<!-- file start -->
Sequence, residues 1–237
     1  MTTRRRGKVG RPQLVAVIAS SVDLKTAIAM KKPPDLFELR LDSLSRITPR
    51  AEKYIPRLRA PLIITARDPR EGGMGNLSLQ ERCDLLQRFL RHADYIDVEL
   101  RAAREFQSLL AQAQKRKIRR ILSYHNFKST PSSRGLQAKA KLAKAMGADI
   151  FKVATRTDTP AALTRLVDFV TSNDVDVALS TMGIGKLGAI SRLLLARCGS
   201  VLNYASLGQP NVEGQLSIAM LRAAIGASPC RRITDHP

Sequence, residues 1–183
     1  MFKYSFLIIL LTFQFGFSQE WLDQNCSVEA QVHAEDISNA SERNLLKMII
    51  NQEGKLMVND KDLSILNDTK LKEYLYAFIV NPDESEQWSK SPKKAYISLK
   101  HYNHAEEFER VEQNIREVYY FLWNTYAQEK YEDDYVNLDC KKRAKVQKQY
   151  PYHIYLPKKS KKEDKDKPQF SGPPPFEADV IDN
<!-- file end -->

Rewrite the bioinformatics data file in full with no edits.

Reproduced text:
Sequence, residues 1–237
     1  MTTRRRGKVG RPQLVAVIAS SVDLKTAIAM KKPPDLFELR LDSLSRITPR
    51  AEKYIPRLRA PLIITARDPR EGGMGNLSLQ ERCDLLQRFL RHADYIDVEL
   101  RAAREFQSLL AQAQKRKIRR ILSYHNFKST PSSRGLQAKA KLAKAMGADI
   151  FKVATRTDTP AALTRLVDFV TSNDVDVALS TMGIGKLGAI SRLLLARCGS
   201  VLNYASLGQP NVEGQLSIAM LRAAIGASPC RRITDHP

Sequence, residues 1–183
     1  MFKYSFLIIL LTFQFGFSQE WLDQNCSVEA QVHAEDISNA SERNLLKMII
    51  NQEGKLMVND KDLSILNDTK LKEYLYAFIV NPDESEQWSK SPKKAYISLK
   101  HYNHAEEFER VEQNIREVYY FLWNTYAQEK YEDDYVNLDC KKRAKVQKQY
   151  PYHIYLPKKS KKEDKDKPQF SGPPPFEADV IDN